A master’s degree is an academic degree that is pursued after finishing undergraduate studies. For those interested in the systems of the earth, a Master in Earth Sciences may be a good path to follow. Most degrees offered will require students to complete a research paper or master’s thesis.
What is a Master in Earth Sciences? Students will spend much of their time honing their research skills and learning about how the interactions of different earth components and the biosphere affect the climate. Emphasis is on biogeochemical cycles and general atmospheric science. Students will gain comprehension in fields such as atmospheric chemistry, physical phenomena, physical geography, meteorology, and ecology. They will also learn how to use advanced laboratory-based and computational methods, as well as get experience in field operations.
Earning a Master in Earth Sciences can be very beneficial for students. They focus on improving their analytical skills, which helps in many areas of life. A master’s degree gives them a competitive edge in the work force over those who have only completed undergraduate studies. A degree also allows graduates to work all over the world.
Because there are earth science programs all over the world, school costs can vary quite a bit depending on the program. Research different schools and contact them directly to find out what your financial obligations would be.
With a Master in Earth Sciences, there are many career opportunities for students. Graduates can work within the fields of consultancy, environmental management, water and climate issues, international aid, nature conservation planning, development of analytical methods and data, and research. Future employers may include county and municipal councils and NGOs. There are work opportunities both nationally and internationally.
To help students earn their degree in an efficient and fair manner, many schools offer classes online. These allow individuals to learn and work on their own schedule, which frees up more time to raise a family or work another job. Search for your program below and contact directly the admission office of the school of your choice by filling in the lead form.
Earth science deals with complex systems and processes that shape our planet. Pressing issues such as the safe supply of water, resources and energy, climate change, sea level rise as well as natural hazards are all intimately related to Earth sciences. The Master of Earth Sciences provides the opportunity to gain a wide range of knowledge and skills that are relevant for employment in industry, government agencies, education as well as further university studies. [+]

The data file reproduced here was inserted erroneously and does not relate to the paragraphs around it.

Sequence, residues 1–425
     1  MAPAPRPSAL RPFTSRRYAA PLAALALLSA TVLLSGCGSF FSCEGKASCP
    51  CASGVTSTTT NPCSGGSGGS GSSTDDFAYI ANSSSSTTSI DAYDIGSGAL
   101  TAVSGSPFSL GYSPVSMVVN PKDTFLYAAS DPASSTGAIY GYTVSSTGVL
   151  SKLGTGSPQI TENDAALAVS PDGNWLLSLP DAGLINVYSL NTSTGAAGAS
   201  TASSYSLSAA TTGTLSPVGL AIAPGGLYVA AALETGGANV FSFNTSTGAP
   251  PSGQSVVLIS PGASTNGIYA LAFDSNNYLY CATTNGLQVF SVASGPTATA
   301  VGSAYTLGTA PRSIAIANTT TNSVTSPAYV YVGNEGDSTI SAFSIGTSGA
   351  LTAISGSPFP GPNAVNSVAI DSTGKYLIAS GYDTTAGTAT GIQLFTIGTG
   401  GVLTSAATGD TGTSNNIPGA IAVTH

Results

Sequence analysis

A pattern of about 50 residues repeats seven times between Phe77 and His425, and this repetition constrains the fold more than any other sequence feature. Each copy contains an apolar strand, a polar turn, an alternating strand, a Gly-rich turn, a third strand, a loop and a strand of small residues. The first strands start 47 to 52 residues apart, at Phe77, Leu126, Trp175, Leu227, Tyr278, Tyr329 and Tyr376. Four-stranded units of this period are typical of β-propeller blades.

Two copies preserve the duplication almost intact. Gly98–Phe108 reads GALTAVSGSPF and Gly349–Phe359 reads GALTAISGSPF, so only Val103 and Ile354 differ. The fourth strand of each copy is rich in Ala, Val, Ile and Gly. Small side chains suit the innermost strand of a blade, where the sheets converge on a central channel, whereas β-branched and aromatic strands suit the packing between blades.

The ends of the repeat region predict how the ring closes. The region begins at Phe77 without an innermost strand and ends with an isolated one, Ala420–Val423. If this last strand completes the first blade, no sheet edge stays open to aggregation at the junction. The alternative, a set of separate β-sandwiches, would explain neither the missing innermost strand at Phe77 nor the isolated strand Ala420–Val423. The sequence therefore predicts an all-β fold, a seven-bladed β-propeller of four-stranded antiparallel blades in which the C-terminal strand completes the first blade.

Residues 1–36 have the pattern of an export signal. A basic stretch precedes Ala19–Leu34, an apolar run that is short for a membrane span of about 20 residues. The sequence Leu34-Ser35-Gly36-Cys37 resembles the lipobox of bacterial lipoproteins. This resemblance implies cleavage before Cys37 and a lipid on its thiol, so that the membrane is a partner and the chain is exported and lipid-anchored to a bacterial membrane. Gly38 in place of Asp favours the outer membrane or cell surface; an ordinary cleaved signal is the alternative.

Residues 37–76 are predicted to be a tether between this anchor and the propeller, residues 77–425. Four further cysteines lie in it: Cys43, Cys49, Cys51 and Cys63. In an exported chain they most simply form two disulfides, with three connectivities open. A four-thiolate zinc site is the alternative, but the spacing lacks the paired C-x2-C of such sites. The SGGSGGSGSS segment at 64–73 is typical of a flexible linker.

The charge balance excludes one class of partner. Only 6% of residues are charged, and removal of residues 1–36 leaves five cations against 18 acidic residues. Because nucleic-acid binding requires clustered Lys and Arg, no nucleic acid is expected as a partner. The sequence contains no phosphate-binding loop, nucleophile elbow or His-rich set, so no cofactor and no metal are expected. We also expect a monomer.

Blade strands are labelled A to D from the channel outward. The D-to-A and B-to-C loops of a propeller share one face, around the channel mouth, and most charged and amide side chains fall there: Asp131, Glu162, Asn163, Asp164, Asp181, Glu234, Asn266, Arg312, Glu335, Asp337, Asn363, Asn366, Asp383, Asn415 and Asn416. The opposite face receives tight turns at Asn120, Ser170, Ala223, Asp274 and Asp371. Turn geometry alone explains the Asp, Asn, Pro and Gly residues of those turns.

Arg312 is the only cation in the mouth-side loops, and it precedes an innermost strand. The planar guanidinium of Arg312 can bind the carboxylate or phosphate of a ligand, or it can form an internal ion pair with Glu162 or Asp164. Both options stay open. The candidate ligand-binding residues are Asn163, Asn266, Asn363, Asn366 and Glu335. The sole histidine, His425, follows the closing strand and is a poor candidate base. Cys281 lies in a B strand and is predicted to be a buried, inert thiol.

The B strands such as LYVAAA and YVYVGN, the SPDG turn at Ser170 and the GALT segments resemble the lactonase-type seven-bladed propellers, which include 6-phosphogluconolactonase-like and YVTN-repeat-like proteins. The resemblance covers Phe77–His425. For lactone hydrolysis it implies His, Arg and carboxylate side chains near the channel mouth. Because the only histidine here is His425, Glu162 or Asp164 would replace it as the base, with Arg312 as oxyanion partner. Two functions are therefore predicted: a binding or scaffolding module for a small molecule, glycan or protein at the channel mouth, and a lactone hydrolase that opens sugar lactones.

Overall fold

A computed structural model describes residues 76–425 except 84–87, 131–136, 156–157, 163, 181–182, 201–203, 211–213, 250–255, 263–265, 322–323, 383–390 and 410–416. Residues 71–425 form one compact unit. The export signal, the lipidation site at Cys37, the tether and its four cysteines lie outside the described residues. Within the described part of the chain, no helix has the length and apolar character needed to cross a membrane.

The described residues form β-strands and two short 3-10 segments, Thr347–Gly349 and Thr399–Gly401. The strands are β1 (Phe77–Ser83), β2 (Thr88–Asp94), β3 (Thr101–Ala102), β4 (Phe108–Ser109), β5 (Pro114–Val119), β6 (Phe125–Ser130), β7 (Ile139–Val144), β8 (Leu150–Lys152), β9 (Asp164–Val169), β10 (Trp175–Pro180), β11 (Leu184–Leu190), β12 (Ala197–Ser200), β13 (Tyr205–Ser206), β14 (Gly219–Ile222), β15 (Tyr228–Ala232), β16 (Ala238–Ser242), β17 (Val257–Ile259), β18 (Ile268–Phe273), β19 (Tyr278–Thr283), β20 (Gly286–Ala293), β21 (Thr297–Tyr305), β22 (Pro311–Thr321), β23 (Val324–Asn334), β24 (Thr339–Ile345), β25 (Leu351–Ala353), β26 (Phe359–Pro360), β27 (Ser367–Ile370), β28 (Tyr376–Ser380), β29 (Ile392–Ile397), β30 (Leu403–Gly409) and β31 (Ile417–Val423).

IMACS is an integrated Master of Science designed by 4 institutions with a wide range of leadership in clay science. [+]
Our International Hydrology Master's Programme is in English and requires two years of study to obtain the 120 ECTS (European Credit Transfer System) that you... [+]
Master in Hydrology
Ensuring that there is enough water of good quality to satisfy the needs of the world’s growing population is a daunting challenge. Society needs hydrologists to manage the world’s water resources. In the Master’s programme in Hydrology, you will study the processes that regulate the quantity and quality of water as it passes through ecosystems, soils and rivers. We will provide you with a solid theoretical basis, combined with hydrological research in areas ranging from tropical Amazonia to the permafrost regions of Siberia. A Master of Science in Hydrology enables you to pursue a professional or scientific career in hydrology.
Earth Sciences is a general Master’s programme which differs from the specialized Masters we offer. The programme gives you the opportunity to choose a... [+]
Master in Earth Sciences
Vrije Universiteit Amsterdam is renowned for combining all Earth Sciences specializations with other subject areas. Earth Sciences at our university are closely linked to Biology and Environmental Sciences. Why limit yourself to being just a geologist or a geographer? Become a true Earth Scientist, with far-reaching background knowledge that allows you to really make the most of your future. How exactly do ice ages, life, plate tectonics and CO2 cycles in the Earth’s crust and oceans interact? What is the relationship between landscape and fault movements in the dating of rocks or in processes like uplift and erosion?
Internationally recognized and accredited by the Swiss Confederation, the Centre for Hydrogeology and Geothermics (CHYN) staff consists of about 50 people and is equipped with state-of-the-art facilities for cutting-edge science and high quality teaching. [+]